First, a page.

Designer clowns – better than goldfish, right?

01 Oct, 2014

Image credit: Citron / CC-BY-SA-3.0

The typical “wild-type” Ocellaris Clownfish, Amphiprion ocellaris, with 3 fully connecting bars. Image credit: Citron / CC-BY-SA-3.0

I’m approaching this topic with less recalcitrance than I have in my former blogging years for two, equally weighted reasons. This contentious outburst is to be my first official marine aquarium blog outside of my native, stiff-lipped shores. Declarations that I used to be able to make with impunity could be culturally debunked before they even get off of the ground. I’ll tread carefully.

The second reason is that in my heart of hearts, my own, relentlessly obstinate core has softened. Opinions I used to hold dear have softened. I’m just going to throw this topic out there, plant some seeds, see what comes back.

I used to visit a lot of stores, at least five or six in a different British county on a monthly basis. With that much aquarium exposure, it was hard to avoid the almost noisy glare of designer clowns leering out at me from various sale tanks. For the first few times, in my mind I was lining up the pedestal, ready to climb aboard and put the world to rights with vituperative outbursts. But I faltered.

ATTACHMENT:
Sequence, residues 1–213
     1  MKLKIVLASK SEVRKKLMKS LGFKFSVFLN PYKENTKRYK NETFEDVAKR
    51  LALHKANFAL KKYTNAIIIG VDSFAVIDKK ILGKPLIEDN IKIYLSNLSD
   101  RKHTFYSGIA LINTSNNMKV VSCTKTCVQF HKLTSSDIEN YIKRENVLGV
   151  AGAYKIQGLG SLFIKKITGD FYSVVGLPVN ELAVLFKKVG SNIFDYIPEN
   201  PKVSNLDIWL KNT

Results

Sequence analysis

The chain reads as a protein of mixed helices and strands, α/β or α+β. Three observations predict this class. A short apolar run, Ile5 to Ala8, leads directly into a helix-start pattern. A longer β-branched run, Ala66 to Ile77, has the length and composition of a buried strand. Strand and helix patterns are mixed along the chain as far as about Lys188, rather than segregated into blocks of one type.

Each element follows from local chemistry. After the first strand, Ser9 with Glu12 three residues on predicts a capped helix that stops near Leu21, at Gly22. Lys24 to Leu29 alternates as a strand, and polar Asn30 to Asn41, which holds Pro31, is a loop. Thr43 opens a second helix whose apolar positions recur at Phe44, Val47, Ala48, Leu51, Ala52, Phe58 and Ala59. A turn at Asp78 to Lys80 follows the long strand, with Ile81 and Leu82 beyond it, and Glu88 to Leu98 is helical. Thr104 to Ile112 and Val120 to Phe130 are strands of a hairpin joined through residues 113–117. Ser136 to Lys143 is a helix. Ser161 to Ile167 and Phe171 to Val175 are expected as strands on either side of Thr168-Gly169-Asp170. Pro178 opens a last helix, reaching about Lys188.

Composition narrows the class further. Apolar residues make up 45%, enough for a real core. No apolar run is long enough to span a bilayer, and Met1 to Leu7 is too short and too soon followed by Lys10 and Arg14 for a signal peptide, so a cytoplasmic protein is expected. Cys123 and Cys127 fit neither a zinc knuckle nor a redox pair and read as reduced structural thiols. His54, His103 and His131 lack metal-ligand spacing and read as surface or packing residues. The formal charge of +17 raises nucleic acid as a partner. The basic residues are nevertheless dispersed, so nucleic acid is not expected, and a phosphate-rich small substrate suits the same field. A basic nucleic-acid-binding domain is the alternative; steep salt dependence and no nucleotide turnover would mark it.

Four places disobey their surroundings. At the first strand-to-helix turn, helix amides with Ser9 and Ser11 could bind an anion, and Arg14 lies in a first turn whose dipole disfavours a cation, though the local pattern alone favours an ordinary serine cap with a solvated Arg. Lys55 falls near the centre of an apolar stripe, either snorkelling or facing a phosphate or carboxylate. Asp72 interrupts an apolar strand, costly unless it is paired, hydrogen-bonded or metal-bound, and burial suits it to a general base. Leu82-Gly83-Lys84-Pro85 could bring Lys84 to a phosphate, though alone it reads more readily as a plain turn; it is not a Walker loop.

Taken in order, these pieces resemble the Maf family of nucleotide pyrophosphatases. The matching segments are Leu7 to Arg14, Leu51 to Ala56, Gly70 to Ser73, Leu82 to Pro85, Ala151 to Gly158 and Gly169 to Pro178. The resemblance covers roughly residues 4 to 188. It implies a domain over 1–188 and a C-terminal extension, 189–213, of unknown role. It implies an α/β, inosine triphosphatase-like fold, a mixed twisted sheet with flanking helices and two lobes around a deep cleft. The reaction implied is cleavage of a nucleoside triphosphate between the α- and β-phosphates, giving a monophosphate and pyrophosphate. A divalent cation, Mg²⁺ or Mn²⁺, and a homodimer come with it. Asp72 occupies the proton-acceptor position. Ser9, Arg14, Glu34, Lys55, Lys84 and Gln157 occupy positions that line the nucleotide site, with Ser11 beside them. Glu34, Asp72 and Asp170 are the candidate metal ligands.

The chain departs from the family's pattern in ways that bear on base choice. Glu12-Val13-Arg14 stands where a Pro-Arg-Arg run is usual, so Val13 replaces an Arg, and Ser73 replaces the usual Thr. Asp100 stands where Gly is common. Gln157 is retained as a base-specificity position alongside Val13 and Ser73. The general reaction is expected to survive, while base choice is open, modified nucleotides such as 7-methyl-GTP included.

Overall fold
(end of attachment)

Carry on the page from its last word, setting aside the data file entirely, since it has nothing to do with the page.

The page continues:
The counterpart to the "Platinum Percula", this all is the all-white form of A. ocellaris, generally known as "Wyoming White" or simply "White" - image courtesy Matt Pedersen

The counterpart to the “Platinum Percula”, this all is the all-white form of A. ocellaris, generally known as “Wyoming White” or simply “White” – image courtesy Matt Pedersen

As I scowled at the tanks, trying to find something wrong with the garish, platinum inhabitants, I found that I had no quarrel with them. So I went away to think about it.